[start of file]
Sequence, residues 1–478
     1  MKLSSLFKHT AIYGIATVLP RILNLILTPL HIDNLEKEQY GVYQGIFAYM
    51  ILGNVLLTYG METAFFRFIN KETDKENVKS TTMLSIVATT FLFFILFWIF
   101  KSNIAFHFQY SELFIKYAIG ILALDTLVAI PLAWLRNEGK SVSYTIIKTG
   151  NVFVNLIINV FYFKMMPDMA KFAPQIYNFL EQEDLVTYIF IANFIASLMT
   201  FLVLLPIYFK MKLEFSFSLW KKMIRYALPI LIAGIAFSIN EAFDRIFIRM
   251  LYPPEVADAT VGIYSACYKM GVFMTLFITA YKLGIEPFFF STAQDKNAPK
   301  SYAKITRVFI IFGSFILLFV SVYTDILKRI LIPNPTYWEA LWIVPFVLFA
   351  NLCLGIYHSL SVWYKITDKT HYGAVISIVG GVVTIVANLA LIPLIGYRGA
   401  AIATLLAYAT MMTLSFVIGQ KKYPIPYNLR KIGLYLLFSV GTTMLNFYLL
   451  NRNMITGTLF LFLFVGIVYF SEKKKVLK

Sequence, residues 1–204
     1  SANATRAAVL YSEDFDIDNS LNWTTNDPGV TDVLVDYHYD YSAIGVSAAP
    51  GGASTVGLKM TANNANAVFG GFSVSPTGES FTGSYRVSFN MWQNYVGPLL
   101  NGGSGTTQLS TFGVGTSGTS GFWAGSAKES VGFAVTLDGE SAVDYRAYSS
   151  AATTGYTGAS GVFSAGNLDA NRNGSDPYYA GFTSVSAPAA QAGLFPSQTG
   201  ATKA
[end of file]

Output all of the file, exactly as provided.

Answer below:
Sequence, residues 1–478
     1  MKLSSLFKHT AIYGIATVLP RILNLILTPL HIDNLEKEQY GVYQGIFAYM
    51  ILGNVLLTYG METAFFRFIN KETDKENVKS TTMLSIVATT FLFFILFWIF
   101  KSNIAFHFQY SELFIKYAIG ILALDTLVAI PLAWLRNEGK SVSYTIIKTG
   151  NVFVNLIINV FYFKMMPDMA KFAPQIYNFL EQEDLVTYIF IANFIASLMT
   201  FLVLLPIYFK MKLEFSFSLW KKMIRYALPI LIAGIAFSIN EAFDRIFIRM
   251  LYPPEVADAT VGIYSACYKM GVFMTLFITA YKLGIEPFFF STAQDKNAPK
   301  SYAKITRVFI IFGSFILLFV SVYTDILKRI LIPNPTYWEA LWIVPFVLFA
   351  NLCLGIYHSL SVWYKITDKT HYGAVISIVG GVVTIVANLA LIPLIGYRGA
   401  AIATLLAYAT MMTLSFVIGQ KKYPIPYNLR KIGLYLLFSV GTTMLNFYLL
   451  NRNMITGTLF LFLFVGIVYF SEKKKVLK

Sequence, residues 1–204
     1  SANATRAAVL YSEDFDIDNS LNWTTNDPGV TDVLVDYHYD YSAIGVSAAP
    51  GGASTVGLKM TANNANAVFG GFSVSPTGES FTGSYRVSFN MWQNYVGPLL
   101  NGGSGTTQLS TFGVGTSGTS GFWAGSAKES VGFAVTLDGE SAVDYRAYSS
   151  AATTGYTGAS GVFSAGNLDA NRNGSDPYYA GFTSVSAPAA QAGLFPSQTG
   201  ATKA